The benefits of goat milk are astounding! It can almost make a person giddy just thinking about it. But truly, it is good to know the truth about goat milk because there are so many misconceptions floating around:
- Goat milk is gross
- It’s goaty tasting
- And how did my brother-in-law describe it from his time over seas in the military? “Chunky and sour”?
Well (tsk), my goat milk doesn’t taste like that. I bet yours doesn’t either.
If you aren’t convinced about goat milk yet, you might be surprised at the astonishing benefits of goat milk and when you add the benefits of raw milk, your body will thank you immensely!
There are a few things we can do as goat milkers, and milkers in general, to ensure that our milk is as fresh and best tasting as possible.
- Chill quickly. After milking, the milk should be immediately strained and refrigerated or frozen. The faster you can get to a colder temperature, the better. Here is a great explanation: Great Tasting Goat Milk
- Diet. There is no getting around that what you eat affects the heath of your body. And as a lactating mother myself, I know that what I put into my body as food, affects the output and quality of milk I provide for my baby. This same principle is true for the animals you milk. What they eat affects the nutrition of their milk, and the taste.
- Cleanliness. The utensils used must be kept clean and sterile. And the goats should be thoroughly cleaned before milking. And a strip cup should be used to catch the first few streams of milk from eat teat.
Why should a strip cup be used?
That is a really good question.
- In the first few streams of milk, any abnormalities such as blood or clots will be detected.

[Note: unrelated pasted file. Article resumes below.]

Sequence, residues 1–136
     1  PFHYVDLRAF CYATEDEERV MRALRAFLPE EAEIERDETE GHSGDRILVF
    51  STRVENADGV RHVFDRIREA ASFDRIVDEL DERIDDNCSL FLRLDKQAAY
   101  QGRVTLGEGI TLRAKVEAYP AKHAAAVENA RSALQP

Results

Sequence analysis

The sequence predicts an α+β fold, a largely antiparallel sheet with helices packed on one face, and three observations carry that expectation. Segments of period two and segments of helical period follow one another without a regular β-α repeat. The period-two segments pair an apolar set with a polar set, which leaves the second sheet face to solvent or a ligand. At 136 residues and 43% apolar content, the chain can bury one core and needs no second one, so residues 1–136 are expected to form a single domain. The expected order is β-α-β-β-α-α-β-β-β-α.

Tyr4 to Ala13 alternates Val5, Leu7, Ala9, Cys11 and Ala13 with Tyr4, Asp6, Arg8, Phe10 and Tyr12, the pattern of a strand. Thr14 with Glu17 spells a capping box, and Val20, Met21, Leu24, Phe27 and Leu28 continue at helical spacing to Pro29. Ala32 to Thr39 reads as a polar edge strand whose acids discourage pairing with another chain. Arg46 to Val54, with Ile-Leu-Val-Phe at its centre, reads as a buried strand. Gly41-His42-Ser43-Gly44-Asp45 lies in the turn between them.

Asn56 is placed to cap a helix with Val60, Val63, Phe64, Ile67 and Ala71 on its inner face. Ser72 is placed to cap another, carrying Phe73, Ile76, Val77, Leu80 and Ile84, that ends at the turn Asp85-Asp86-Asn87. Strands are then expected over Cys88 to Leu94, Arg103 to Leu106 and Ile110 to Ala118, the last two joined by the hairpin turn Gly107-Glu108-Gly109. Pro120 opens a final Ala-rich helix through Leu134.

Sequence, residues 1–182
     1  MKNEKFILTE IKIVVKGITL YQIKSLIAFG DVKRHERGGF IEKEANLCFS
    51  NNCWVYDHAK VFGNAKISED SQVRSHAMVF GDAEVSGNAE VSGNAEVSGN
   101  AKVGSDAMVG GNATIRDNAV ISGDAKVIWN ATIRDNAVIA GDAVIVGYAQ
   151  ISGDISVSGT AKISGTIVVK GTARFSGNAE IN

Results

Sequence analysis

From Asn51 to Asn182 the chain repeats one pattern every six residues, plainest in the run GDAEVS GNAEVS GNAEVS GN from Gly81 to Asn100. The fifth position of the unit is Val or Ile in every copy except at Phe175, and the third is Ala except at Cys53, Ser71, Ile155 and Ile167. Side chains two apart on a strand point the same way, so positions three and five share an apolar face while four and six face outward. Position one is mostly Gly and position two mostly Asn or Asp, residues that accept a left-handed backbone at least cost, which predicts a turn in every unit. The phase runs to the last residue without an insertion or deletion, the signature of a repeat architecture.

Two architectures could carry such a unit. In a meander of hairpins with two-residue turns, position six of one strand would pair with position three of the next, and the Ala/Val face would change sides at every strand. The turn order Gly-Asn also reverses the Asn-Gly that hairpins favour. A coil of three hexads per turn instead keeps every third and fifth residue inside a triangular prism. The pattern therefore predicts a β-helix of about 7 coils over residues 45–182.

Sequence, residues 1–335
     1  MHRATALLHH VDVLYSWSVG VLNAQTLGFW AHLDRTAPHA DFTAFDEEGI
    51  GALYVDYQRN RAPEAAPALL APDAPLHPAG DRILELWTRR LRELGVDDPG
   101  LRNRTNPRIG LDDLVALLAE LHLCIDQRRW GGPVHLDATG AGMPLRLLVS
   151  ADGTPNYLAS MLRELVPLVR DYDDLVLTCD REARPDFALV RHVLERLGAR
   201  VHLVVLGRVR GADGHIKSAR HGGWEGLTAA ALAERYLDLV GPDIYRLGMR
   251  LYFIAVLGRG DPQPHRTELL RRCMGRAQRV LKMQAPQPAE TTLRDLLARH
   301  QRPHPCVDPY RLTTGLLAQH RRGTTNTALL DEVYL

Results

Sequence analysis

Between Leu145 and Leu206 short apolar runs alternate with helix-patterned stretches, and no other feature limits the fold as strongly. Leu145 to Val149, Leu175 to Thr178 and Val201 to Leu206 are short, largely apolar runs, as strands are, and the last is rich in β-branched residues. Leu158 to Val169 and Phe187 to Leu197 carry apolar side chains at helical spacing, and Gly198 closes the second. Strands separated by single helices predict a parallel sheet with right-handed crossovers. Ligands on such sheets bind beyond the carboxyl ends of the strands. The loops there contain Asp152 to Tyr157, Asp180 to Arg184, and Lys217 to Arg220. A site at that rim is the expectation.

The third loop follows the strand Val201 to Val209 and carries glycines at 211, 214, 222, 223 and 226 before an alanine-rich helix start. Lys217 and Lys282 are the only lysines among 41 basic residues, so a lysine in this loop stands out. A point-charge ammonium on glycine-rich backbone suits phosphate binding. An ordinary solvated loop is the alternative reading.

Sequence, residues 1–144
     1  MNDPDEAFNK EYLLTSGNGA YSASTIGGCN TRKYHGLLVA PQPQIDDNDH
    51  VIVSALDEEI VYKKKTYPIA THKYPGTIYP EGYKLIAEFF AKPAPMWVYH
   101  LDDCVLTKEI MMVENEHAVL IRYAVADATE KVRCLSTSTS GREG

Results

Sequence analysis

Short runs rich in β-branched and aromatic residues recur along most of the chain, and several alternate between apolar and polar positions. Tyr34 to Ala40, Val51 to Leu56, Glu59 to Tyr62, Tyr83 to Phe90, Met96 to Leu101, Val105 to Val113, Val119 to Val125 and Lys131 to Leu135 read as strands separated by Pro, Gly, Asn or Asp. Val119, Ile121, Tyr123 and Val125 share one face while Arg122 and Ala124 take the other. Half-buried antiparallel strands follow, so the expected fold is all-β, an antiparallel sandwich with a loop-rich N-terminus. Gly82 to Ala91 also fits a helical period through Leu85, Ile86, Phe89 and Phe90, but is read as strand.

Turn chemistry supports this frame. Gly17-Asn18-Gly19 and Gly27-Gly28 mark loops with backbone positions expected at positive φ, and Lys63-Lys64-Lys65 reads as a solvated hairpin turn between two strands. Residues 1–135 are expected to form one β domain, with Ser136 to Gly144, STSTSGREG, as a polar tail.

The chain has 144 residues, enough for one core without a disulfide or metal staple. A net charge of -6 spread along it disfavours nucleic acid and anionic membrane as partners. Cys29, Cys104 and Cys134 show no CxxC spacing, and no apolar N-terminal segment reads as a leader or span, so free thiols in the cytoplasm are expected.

- The first few streams of milk contain the most bacteria and dirt.
When life is already so full of all the house, animal and garden chores, it can be overwhelming to have that one more thing to remember, right?
Although I have never trained a young goat (yet) to milk, my active imagination conjures up many wild scenes of crying and spilled milk.
I have a doe who is very touchy. If a young helper decides to pet her while she is being milked or a fly lands on her leg or you stop milking her for any reason, she may just decide that she is done. Those back legs can sure clam up! And on several occasions she has managed to step into the bucket.
So starting to milk into a small cup and then removing the cup and then bringing in the bigger pail and starting over can be a hassle.
But! Do I have an idea for you that has worked really well for me! (Drum roll please)
Introducing… the simple strip cup milking hack!
All you need is your milking pail, two rubber bands from your rubber band ball 😉 and a small container.
I happen to have excess baby food jars lying around so that works ideal for me. Some people prefer having a black strip cup because the contrast of the black cup and white milk make it easy to see any problems. Most “official” strip cups, which can range from $7-$20, are black as well. From my perspective, I can easily see anything wrong with the milk in this glass container.
I contemplated using wire, but that could potentially scratch my stainless steel pail. And a string might work but knots loosen easily and I didn’t want to be continually re-tying it. So, rubber bands it is! Take a peek at how it works in action and see if it’s a good solution for you!
Before you go, take a moment to get access to these free printables to help you on your homesteading journey, including printouts for homesteading, goats, bees and horse care.
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